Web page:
Published September 18, 2020 | Version v1
Dataset Open

L4D - Probability map of giant trees occurrence (> 70 m) in the Brazilian Amazon

  • 1. Universidade Federal dos Vales do Jequitinhonha e Mucuri
  • 2. University of Helsinki
  • 3. University of Cambridge
  • 4. United Sates Forest service
  • 5. Universidade de São Paulo
  • 6. Bangor University
  • 7. Swansea University
  • 8. Instituto Nacional de Pesquisas da Amazônia
  • 9. Universidade de Brasília
  • 10. Instituto Nacional de Pesquisa Espaciais


The probability of giant trees occurrence (> 70m) based on environmental conditions. The observations higher than 70 m were filtered out and used to adjust an envelope model based on maximum entropy. In its optimization routine, the algorithm tracked how much the model gain was improved when small changes were made to each coefficient value associated with a particular variable. The resulting map of predicted occurrence of the tallest trees in the Amazon from the MaxEnt model shows that the probability of maximum tree height occurrence is highest in the northeastern Amazon (Fig. 6), more specifically in the Roraima and Guianan Lowlands. We considered 18 environmental variables: (1) fraction of absorbed photosynthetically active radiation (FAPAR; in %); (2) elevation above sea level (Elevation; in m);  (3) the component of the horizontal wind towards east, i.e. zonal velocity (u-speed ; in m s-1); (4) the component of the horizontal wind towards north, i.e. meridional velocity (v-speed ; in m s-1); (5) the number of days not affected by cloud cover (clear days; in days yr-1); (6) the number of days with precipitation above 20 mm (days > 20mm; in days yr-1 ); (7) the number of months with precipitation below 100 mm (months < 100mm; in months yr-1 ) ; (8) lightning frequency (flashes rate); (9) annual precipitation (in mm); (10) potential evapotranspiration (in mm); (11) coefficient of variation of precipitation (precipitation seasonality; in %); (12) amount of precipitation on the wettest month (precip. wettest; in mm); (13) amount of precipitation on the driest month (precip. driest; in mm); (14) mean annual temperature (in °C); (15)  standard deviation of temperature (temp. seasonality; in °C); (16) annual maximum temperature (in °C); (17) soil clay content (in %); and (18) soil water content (in %).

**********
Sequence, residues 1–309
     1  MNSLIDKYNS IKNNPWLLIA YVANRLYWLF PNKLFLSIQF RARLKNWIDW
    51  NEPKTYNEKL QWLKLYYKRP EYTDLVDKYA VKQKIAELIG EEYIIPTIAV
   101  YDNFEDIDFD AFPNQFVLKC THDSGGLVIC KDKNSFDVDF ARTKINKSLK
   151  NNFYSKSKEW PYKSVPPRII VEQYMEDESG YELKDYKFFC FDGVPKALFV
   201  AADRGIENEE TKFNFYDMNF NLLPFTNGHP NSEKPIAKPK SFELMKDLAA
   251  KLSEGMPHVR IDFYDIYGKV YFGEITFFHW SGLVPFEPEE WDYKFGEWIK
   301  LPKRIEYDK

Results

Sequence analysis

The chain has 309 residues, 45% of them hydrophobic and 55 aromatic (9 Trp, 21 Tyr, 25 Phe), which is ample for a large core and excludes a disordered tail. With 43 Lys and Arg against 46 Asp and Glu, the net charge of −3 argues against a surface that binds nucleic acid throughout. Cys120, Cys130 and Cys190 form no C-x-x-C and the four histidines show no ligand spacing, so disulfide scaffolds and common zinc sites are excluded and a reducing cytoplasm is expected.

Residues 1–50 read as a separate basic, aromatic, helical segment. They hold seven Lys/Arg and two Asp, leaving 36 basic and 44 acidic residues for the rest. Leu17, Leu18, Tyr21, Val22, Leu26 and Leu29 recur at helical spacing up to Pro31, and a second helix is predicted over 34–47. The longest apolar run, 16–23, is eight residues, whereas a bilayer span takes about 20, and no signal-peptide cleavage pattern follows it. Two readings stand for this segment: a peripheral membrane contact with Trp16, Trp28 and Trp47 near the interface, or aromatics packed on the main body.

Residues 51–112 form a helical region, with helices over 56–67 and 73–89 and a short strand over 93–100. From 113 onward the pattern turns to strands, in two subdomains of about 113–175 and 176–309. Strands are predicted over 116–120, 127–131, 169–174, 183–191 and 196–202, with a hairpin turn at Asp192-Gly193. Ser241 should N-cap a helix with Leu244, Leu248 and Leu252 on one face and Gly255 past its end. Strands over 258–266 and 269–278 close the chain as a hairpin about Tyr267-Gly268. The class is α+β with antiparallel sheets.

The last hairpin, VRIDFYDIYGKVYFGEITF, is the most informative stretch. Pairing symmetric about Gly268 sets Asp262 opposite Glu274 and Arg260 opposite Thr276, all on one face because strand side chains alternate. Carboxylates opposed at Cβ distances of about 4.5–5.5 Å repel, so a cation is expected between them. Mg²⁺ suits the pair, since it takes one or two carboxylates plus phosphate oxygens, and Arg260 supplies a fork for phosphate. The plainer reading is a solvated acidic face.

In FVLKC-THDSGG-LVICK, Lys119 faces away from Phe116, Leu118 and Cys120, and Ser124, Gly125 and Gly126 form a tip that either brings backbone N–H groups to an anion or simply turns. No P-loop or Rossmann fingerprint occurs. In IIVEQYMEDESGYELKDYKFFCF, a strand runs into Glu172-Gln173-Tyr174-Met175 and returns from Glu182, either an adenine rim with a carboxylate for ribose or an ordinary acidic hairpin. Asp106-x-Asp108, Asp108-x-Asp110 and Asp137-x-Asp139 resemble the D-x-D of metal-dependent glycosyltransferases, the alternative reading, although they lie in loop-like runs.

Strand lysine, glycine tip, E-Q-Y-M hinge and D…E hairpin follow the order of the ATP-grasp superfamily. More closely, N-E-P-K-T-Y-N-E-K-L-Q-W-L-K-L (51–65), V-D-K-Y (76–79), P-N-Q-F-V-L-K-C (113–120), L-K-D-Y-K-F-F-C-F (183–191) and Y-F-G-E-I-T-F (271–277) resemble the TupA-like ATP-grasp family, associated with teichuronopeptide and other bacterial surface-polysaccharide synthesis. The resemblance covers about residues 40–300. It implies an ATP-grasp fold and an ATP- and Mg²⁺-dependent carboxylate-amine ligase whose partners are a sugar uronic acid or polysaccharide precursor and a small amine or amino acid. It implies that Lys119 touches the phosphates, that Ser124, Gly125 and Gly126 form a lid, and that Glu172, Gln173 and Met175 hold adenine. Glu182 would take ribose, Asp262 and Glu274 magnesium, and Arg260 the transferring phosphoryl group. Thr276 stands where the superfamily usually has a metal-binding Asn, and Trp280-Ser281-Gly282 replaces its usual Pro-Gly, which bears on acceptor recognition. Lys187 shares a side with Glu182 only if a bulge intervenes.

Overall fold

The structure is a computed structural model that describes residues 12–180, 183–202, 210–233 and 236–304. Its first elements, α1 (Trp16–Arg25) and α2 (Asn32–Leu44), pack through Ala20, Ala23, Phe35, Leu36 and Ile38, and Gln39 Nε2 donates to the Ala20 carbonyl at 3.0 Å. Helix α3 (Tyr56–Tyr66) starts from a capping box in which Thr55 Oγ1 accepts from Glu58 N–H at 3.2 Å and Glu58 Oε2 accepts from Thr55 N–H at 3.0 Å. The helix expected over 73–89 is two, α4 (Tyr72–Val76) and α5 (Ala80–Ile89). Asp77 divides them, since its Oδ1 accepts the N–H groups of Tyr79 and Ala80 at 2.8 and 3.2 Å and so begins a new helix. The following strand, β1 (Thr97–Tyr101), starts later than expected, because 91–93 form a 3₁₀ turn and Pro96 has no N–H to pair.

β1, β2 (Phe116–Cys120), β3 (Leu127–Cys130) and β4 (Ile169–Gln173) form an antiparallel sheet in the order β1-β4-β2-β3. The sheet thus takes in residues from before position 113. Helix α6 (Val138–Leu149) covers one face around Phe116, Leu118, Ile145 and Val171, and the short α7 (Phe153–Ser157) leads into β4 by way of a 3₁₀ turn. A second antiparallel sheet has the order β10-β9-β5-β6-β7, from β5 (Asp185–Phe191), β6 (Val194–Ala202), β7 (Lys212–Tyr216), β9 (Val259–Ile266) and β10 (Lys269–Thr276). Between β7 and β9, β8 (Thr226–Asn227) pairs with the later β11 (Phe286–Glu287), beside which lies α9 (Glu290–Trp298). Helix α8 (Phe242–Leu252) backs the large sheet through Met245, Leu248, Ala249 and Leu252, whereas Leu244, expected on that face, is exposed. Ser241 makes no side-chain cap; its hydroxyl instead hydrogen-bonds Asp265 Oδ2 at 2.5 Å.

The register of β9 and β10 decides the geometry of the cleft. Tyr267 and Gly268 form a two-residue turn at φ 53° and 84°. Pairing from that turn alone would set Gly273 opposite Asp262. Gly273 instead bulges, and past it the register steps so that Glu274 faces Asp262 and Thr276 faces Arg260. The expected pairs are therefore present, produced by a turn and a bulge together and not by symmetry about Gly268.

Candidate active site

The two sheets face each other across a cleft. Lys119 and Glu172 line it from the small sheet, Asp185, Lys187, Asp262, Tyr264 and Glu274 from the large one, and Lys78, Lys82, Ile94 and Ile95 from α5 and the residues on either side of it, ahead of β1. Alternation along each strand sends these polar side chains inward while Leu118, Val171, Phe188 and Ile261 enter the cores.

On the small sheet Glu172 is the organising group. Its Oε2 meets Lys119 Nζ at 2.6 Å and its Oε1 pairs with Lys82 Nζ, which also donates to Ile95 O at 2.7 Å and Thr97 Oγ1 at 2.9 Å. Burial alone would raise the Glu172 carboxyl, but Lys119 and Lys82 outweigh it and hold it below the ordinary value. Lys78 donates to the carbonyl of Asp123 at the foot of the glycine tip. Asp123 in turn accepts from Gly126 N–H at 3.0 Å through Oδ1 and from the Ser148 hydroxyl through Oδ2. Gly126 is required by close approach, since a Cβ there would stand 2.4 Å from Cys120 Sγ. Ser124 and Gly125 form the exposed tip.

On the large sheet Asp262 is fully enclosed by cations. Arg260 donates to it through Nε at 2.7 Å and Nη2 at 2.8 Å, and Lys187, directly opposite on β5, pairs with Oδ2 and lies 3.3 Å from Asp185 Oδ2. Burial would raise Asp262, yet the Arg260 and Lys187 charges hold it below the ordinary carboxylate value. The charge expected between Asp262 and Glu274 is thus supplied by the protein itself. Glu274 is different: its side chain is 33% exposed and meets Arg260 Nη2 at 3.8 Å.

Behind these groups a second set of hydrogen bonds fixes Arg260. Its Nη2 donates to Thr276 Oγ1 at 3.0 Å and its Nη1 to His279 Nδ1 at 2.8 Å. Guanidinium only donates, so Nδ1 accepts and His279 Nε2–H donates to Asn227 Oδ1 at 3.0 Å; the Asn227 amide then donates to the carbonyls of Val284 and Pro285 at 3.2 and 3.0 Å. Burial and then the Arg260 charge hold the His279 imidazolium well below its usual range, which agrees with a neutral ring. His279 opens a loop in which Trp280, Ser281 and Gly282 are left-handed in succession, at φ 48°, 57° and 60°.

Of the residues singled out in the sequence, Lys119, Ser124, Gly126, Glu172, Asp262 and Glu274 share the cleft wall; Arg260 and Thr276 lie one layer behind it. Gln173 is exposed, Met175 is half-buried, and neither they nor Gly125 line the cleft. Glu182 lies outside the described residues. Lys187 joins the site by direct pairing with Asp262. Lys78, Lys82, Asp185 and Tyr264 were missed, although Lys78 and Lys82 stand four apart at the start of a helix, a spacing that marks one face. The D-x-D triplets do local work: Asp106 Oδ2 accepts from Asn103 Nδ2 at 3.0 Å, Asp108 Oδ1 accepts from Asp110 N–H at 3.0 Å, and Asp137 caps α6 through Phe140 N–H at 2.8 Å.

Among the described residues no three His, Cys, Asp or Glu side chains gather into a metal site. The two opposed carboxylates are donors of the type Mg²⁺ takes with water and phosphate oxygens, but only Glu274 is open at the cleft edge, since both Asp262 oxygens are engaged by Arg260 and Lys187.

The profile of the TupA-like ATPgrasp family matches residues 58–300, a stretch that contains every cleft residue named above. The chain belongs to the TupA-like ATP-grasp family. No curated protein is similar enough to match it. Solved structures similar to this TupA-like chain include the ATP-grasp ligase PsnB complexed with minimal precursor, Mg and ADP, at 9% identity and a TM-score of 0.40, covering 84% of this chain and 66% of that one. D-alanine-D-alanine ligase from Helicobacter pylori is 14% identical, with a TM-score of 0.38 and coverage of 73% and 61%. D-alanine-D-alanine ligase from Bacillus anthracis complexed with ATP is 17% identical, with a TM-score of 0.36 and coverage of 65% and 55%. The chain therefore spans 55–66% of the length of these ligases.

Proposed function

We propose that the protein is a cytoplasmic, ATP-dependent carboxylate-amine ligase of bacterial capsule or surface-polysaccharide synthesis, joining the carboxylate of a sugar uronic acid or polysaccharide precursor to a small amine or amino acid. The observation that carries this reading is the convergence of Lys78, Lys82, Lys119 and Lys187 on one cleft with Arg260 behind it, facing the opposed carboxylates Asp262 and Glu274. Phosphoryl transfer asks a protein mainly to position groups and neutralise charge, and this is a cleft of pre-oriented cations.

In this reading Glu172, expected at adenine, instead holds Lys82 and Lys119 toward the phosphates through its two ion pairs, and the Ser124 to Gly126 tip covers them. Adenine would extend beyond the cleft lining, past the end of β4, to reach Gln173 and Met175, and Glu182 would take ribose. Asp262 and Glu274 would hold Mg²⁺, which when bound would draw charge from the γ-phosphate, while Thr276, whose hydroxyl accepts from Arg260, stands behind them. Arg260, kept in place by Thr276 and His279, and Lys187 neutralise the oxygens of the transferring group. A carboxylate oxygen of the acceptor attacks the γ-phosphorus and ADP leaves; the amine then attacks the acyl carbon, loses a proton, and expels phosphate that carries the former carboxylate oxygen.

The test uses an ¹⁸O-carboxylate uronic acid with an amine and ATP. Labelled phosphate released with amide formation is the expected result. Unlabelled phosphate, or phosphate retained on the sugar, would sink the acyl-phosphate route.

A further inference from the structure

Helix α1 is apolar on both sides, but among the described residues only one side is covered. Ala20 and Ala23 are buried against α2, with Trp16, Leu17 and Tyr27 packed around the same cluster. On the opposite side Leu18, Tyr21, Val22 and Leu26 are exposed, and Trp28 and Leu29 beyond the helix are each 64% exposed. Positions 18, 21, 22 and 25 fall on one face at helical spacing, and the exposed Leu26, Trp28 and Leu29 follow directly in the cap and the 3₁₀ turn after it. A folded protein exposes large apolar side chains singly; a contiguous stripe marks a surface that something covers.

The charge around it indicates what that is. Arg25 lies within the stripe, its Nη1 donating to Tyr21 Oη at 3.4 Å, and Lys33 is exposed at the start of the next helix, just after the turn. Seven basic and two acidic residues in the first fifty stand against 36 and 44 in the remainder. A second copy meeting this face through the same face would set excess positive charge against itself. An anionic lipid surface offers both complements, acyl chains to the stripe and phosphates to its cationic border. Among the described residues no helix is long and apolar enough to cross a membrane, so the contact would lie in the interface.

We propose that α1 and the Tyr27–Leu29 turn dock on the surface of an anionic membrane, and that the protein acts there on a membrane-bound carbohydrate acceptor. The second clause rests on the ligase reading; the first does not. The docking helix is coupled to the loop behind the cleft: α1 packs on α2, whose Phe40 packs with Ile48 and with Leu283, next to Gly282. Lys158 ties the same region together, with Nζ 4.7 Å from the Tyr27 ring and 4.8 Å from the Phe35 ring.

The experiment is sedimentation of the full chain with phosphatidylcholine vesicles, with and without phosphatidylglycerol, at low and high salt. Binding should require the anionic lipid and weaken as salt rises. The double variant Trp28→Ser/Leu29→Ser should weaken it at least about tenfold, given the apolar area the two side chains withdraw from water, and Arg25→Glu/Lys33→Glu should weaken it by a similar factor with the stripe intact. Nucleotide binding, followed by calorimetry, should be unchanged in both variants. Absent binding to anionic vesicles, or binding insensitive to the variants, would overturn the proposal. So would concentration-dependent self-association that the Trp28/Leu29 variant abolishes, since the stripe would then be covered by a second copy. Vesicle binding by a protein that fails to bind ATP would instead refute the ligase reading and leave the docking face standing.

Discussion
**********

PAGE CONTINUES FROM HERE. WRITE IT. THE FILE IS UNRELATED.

Funding was provided by the Coordenação de Aperfeiçoamento de Pessoal de Nível Superior Brasil (CAPES; Finance Code 001); Conselho Nacional de Desenvolvi­mento Científico e Tecnológico (Processes 403297/2016-8 and 301661/2019-7); Amazon Fund (grant 14.2.0929.1); National Academy of Sciences and US Agency for International Development (grant AID-OAA-A-11-00012); Universidade Federal dos Vales do Jequitinhonha e Mucuri (UFVJM); Instituto Nacional de Pesquisas Espaciais (INPE); São Paulo Research Foundation (#2018/21338-3 and #2019/14697-0); INCT-Madeiras da Amazônia and Next Generation Ecosystem Experiments-Tropics (NGEE-Tropics), as part of DOE's Terrestrial Ecosystem Science Program – Contract No. DE-AC02-05CH11231; UK Natural Environment Research Council grant NE/S010750/1; Academy of Finland (decision number 319905); Royal Society University Research Fellowship (URF\R\191014);



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Journal article: 10.1111/gcb.15423 (DOI)


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